The race-conscious admissions policy at the University of Texas appeared to be in trouble on Wednesday after the conservative Supreme Court majority repeatedly questioned its continued application and effectiveness.
The Justices heard oral arguments in an affirmative-action case that explores whether the flagship state university's admissions practices aimed at creating campus diversity violate the rights of some white applicants.
Abigail Noel Fisher sued the school after her application was rejected in 2008 when she was a high school senior in Sugar Land, Texas.
Fisher claimed the individualized, discretionary admission policies violated her rights, and favored African-American and Hispanic applicants over whites and Asian-Americans.
Fisher just missed the opportunity of automatic admission to the main campus at Austin for in-state students finishing in the top 10% of their high school graduating class. So, she had to compete in a separate pool. It is that selection process that is before the court.
The Supreme Court was clearly divided along ideological lines about whether affirmative action essentially has run its social and legal course, and should no longer be used in the way schools like Texas and others have done.
"You're trying to gut it," Justice Sonia Sotomayor said to Fisher's lawyer about the current legal precedent set in 2003.
She suggested that a university deserves some flexibility to create the kind of diverse campus environment it wants.
But Chief Justice John Roberts repeatedly asked, "What is the 'critical mass' of African-Americans and Hispanics at the university that you are working toward?"
When the school's lawyer said there was no specific number, Roberts pressed, "So how are we supposed to tell whether this plan is narrowly tailored to that goal? What is the logical end point?"
Justice Anthony Kennedy may prove the deciding or "swing" vote and could strike a compromise position -- possibly toss out the specific plan in question, while generally preserving the future use of affirmative action in more limited circumstances.
The school, with a 52,000-student body, defends its "holistic" policy of considering race as one of many factors -- including test scores, community service, leadership and work experience.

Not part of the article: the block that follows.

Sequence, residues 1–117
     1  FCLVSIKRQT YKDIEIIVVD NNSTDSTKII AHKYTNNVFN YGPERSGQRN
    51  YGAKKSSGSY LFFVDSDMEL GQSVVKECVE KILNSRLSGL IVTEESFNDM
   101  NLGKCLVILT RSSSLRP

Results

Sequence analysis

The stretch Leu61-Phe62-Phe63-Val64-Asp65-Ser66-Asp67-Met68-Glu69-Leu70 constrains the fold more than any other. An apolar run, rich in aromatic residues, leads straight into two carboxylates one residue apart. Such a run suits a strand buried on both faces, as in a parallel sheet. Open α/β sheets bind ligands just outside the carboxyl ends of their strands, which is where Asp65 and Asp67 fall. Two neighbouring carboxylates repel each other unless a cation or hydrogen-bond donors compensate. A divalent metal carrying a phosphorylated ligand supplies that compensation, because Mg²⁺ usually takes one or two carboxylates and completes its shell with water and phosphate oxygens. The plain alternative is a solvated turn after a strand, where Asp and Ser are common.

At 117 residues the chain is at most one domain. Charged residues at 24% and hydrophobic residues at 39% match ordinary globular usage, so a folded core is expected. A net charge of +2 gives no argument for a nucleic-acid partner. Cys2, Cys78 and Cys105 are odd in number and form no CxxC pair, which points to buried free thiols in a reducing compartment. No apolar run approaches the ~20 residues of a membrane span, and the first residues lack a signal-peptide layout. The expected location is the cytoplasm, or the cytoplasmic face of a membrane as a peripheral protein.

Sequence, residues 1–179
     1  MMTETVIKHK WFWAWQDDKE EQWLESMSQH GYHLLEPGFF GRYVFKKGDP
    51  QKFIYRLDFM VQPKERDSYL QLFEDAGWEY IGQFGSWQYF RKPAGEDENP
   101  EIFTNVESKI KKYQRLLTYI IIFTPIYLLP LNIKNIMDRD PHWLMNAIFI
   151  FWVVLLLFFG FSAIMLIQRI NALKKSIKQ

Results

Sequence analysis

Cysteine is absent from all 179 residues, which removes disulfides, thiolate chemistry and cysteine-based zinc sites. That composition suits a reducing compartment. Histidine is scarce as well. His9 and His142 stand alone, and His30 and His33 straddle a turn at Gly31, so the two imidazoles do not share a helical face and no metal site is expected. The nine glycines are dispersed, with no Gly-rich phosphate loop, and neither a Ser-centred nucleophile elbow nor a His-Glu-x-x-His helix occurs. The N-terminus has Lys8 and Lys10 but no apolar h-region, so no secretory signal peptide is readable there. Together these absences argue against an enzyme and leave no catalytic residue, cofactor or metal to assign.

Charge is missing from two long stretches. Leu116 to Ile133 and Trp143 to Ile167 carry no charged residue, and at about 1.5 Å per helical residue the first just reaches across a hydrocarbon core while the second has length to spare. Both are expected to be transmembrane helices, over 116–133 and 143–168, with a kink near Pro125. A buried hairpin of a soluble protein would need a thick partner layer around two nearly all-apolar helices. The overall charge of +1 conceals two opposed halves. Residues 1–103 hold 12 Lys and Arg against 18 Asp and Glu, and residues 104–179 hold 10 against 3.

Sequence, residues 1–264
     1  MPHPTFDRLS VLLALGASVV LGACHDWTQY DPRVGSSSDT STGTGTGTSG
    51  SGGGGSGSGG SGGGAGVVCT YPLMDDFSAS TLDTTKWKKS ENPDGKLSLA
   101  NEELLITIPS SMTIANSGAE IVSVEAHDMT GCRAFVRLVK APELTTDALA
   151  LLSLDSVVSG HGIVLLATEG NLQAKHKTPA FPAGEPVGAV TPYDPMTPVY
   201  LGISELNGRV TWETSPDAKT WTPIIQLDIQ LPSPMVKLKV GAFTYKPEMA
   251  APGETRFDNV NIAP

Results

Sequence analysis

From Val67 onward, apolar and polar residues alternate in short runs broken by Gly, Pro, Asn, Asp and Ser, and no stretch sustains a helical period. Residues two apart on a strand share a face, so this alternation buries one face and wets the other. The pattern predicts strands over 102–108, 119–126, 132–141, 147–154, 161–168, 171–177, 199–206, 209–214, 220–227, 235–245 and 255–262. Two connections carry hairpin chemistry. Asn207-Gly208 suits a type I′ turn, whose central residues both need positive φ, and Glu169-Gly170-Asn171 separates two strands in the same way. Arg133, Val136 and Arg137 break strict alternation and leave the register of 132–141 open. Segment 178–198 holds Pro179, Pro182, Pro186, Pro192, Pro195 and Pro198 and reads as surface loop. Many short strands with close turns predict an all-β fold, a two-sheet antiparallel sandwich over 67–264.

UTSA: We do not consider race
The University of Texas at San Antonio says it does not consider race when deciding whether to accept student applicants
"Fortunately for us here at UTSA, that happens naturally," said Associate Vice President of Student Affairs, who oversees admissions. "The geographic area where we draw students from is diverse both racially and ethically."
Students on campus KSAT spoke to tend to on Wednesday agree.
"If you look around, there are people from everywhere," said Melvin Obregon. "Different cultures, different religions."
Even though it's part of the UT system, UTSA has its own unique admissions criteria which are approved by the UT Board of Regents.
It automatically accepts students in the top 25 percent of their high school graduating class.
As for the affirmative action case involving UT, Norton thinks the impact may not be as far reaching as some might expect.
"I think the impact will be as much political as impactful," said Norton.
Obama administration backs UT
"Everyone competes against everyone else. Race is not a mechanical automatic factor. It's an holistic individualized consideration," said U.S. Solicitor General Donald Verrilli.
African-Americans in Texas as a whole represent about 12% of the population, but comprise about 5% of students at the University of Texas.